home > archive > 2013 > this article


Libertarian environmentalism: Who knew it worked so well

By Timothy Tarkelly
web posted July 29, 2013

Ever since the initial rise of the environmental movement, the suggested solutions have been more or less the same. The majority of environmental advocates seem to stick to the idea that carbon emissions need to be reduced. Of course, the opposition will say that the regulations would be detrimentally expensive to the industrial sector of the American economy. Both of these arguments are true.

Although it is typically the case, I am going to try and avoid labeling these sides as Democrat, or Republican. What I can do is offer a list of initiatives that can be supported by a Libertarian government that will maximize personal liberty, minimize government control, and still benefit the environment.

The popular assumption is that Libertarian politics do not mesh with environmental responsibility. Before I begin a list of liberty-friendly ideas, I would like to point out that the basis of Libertarian philosophy is not that people should be able to whatever they want. The maxim is, they should be able to do what they want, as long as it doesn't affect another person's ability to do the same. The environment is where we live. It is not the personal domain of another person. You would be hard pressed to find a Libertarian who would claim that the malicious improper disposal of toxic materials, or the violent extinction of endangered species are a good thing.

While carbon emissions are on the forefront of the environmental discussion, there are other pressing issues. One of the many threats to our ecological stability is paper waste. Not only is there a solution that would save the taxpayer's money and decrease the government's responsibility over our daily lives, but it would radically improve our environmental conditions.

There is a government agency that generates a lot of paper waste. This agency, the Internal Revenue Service (IRS), commands that all of its citizens that earn an income submit information in the form of receipts, bills, invoices, and various other forms of paper work. Some people can submit this information online. The problem is, not everyone has internet access, and even if it was submitted online, it doesn't prevent the over-piling of unnecessary paperwork, not to mention the inevitable printing of the tax return forms. By eliminating the IRS, the amount of tax information being submitted on paper would be reduced to zero. The amount of money being spent on this antiquated system of gathering taxes would also be reduced to zero.

Aside from paper waste, another issue is the preservation of wildlife. Some people are under the impression that the government is the only organization that operates in this field. There are a number of private entities protect land for hunting, fishing, and preservation. What is impressive is that these entities consistently do a better job. Private land is taken better care of. It is simple. Bureaucracy is the enemy to progress. When the fate of anything, in this case land, is decided by people who have a personal interest, the results will always be more effective. This logic tells us that to trust our precious ecological treasures with the government, we are handing it over to a life of existing on papers that will be passed from desk to desk, talked about at election season, and deposited into a paper shredder.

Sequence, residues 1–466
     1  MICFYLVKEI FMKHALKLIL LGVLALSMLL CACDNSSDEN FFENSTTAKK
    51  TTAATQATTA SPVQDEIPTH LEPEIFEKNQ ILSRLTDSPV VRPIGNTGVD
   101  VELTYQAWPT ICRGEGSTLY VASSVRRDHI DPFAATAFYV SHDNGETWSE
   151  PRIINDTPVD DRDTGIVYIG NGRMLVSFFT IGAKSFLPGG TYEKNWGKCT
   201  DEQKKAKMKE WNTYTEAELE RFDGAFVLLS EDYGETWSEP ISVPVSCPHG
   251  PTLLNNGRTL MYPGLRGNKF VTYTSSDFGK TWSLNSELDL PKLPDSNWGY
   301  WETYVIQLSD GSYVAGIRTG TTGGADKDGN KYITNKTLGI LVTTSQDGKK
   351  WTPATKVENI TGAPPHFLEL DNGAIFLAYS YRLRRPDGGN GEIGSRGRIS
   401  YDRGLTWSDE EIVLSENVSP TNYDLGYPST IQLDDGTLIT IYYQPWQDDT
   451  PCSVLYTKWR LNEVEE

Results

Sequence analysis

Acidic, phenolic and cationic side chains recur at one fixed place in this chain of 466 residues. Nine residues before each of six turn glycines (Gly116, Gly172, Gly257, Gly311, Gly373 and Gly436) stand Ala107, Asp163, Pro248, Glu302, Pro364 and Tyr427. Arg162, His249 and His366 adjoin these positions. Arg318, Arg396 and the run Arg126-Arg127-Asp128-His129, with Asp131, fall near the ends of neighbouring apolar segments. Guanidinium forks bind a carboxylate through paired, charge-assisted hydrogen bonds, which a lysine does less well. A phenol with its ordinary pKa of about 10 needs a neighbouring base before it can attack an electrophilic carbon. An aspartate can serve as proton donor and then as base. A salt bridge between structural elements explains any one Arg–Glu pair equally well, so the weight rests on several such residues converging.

Addressing to the big ticket item, carbon emissions, it doesn't seem that there has to be the strict government regulation to reduce them. The problem is, people are targeting the wrong things. The fact is, some people need powerful engines that sometimes produce higher emissions. In rural communities farmers need trucks, this is no secret. What people don't think about is, so do a lot of other people. In a place where a lot of driving takes place on dirt roads, people need vehicles that can maneuver these road in inclement weather situations. These communities also require an ample police force. In bigger cities, squad cars have the capability to chase down an assailant at dangerous speeds. In southeast Kansas, Sheriff Departments use pickup trucks. This is a community in which assailants might take unpaved roads, or need to be pursued through fields. To reduce the production of these vehicles is going to make them more expensive, which is going to put a drain on the law enforcement agencies in communities like this. Of course, this means that taxes in the area will have to go up.

Instead of punishing the people that drive these vehicles, we can reward those who don't. Sales tax on four-cylinder vehicles could be eliminated. We could offer tax breaks to insurance companies who raise benefits for people that drive hybrids. The same breaks could be given to car dealerships who offer higher trade-in values for people who are offering to give up their V8 for a V6, or a V6 for a four-cylinder. There are number of options that will save the American people money, will ensure the auto industry its place, while still allowing for the public to make a shift of to a more environmentally conscious approach to transportation.

What the government tends to forget is that people are smart. Regardless of the current status of environmental legislation, the American people are already aware of the threats posed to the world around us. Hybrid cars are already popular. Pollution is already recognized as a bad thing. However, there are people who think we need reminded. The approach they take is always the same. They say we need to reduce carbon emissions. It is a shame that they are missing out on so many other opportunities. ESR

Timothy Tarkelly is a senior at Fort Hays State University. This is his first contribution to Enter Stage Right.





Site Map

E-mail ESR



© 1996-2021, Enter Stage Right and/or its creators. All rights reserved.